Populating landscapes with leaves and grass in 3D needs a plan. You don’t want to get caught in a situation where you are overtaxing your systems. Quite often, textures can replace geometry for certain parts of the scene. Textures with alphas can easily stand in for leaves, and other flora. If you are rendering with RedShift, you must know the differences between using the standard opacity attributes and the RedShift Sprite Node.
Watch a short vid of The Vertex Library Channel who walks through the benefits of using the Redshift sprite node over standard methods. Standard opacity is directly relational to the maximum trace depth setting of the renderer. This is not the most efficient way to render out trees and grass. The higher the trace depth setting, the longer the render times.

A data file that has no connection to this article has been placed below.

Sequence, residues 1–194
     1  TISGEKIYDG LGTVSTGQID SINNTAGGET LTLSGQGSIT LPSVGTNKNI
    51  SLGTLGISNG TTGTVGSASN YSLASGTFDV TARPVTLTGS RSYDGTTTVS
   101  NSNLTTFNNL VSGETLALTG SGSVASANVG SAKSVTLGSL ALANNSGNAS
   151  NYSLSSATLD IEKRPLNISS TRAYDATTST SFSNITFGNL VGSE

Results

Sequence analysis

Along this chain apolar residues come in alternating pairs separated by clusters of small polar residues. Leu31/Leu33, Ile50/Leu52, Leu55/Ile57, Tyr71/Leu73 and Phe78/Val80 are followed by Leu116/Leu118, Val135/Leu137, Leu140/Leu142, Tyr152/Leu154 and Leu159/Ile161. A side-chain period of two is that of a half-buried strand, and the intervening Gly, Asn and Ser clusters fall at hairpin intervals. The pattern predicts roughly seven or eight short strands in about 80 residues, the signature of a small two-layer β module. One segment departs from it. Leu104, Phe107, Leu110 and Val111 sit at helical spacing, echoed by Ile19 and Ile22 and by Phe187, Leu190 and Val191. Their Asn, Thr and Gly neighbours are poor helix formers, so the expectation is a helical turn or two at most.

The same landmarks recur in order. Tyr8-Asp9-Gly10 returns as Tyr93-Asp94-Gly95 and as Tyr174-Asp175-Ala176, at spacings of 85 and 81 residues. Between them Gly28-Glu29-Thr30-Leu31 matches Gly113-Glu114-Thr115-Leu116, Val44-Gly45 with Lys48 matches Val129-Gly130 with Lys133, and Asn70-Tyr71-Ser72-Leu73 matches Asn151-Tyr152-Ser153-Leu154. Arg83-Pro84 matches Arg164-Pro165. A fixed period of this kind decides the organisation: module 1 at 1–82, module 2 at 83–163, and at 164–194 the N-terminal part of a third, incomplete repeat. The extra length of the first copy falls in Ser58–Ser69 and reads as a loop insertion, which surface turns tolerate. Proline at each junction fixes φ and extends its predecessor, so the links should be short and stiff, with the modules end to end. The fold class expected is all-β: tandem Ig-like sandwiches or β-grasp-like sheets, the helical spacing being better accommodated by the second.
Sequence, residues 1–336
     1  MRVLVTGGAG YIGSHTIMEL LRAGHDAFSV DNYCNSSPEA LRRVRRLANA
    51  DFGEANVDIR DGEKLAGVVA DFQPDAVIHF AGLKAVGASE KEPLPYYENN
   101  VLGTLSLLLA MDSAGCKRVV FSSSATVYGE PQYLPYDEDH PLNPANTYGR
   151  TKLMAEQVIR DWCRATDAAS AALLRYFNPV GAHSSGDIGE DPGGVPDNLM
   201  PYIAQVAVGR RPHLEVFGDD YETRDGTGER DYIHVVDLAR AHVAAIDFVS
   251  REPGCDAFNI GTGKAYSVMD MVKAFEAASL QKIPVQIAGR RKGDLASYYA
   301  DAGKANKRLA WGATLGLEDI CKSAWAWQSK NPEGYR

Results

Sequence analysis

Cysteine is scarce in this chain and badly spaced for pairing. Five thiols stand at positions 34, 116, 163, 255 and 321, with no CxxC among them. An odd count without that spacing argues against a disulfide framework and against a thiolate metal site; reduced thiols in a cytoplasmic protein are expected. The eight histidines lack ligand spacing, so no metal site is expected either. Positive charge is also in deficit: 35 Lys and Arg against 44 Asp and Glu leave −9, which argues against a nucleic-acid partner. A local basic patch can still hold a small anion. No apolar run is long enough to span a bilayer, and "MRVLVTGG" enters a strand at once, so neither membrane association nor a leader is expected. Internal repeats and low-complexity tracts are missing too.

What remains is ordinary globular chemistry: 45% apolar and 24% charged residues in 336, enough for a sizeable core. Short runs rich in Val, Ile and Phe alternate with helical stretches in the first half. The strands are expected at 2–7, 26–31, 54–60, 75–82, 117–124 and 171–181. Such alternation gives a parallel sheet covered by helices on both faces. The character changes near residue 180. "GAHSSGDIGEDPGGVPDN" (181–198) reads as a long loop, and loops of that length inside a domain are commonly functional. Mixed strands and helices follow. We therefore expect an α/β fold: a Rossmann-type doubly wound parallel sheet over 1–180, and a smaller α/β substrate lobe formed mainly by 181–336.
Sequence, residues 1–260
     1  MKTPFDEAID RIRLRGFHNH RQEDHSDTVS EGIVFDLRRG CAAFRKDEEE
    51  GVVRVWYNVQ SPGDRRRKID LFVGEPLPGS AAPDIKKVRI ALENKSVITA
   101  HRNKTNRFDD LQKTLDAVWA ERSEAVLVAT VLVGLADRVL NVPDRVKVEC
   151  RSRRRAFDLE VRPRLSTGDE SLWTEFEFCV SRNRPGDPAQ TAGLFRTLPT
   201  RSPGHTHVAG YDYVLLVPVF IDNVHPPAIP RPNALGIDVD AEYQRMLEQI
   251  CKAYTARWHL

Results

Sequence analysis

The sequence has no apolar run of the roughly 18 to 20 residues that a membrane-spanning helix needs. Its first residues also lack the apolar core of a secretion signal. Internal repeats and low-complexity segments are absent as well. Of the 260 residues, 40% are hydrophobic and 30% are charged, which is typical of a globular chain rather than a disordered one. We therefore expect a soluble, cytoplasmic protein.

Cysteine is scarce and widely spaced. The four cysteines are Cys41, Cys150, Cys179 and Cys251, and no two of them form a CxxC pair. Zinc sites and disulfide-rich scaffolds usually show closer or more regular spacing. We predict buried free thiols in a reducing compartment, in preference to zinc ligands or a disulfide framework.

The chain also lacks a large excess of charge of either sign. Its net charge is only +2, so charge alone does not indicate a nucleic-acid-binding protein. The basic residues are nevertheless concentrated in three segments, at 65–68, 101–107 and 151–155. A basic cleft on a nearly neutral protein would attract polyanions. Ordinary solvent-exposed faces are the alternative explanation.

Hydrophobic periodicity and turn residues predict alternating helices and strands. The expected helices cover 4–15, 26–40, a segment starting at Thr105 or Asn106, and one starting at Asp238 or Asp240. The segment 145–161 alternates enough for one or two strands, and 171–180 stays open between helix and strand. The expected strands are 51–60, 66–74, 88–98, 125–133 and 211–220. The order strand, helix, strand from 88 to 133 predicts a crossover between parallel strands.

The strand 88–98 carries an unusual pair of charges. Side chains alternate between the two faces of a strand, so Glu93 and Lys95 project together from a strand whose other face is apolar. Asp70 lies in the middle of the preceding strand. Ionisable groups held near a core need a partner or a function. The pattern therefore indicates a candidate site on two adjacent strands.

This is because when a ray hits a polygon, it has to read the texture and set up the next transparency ray for the next one, even when dealing with parts that are to appear totally empty.
Instead, the RedShift Sprite node was created for just this purpose. The Sprite Node is optimized to ignore empty parts of a polygon and does it with very few operations. It doesn’t rely on refraction trace depth. This means that you can put your settings much lower and the rays will still pierce through the opacity and alpha cutouts without any artifacts. Good to know!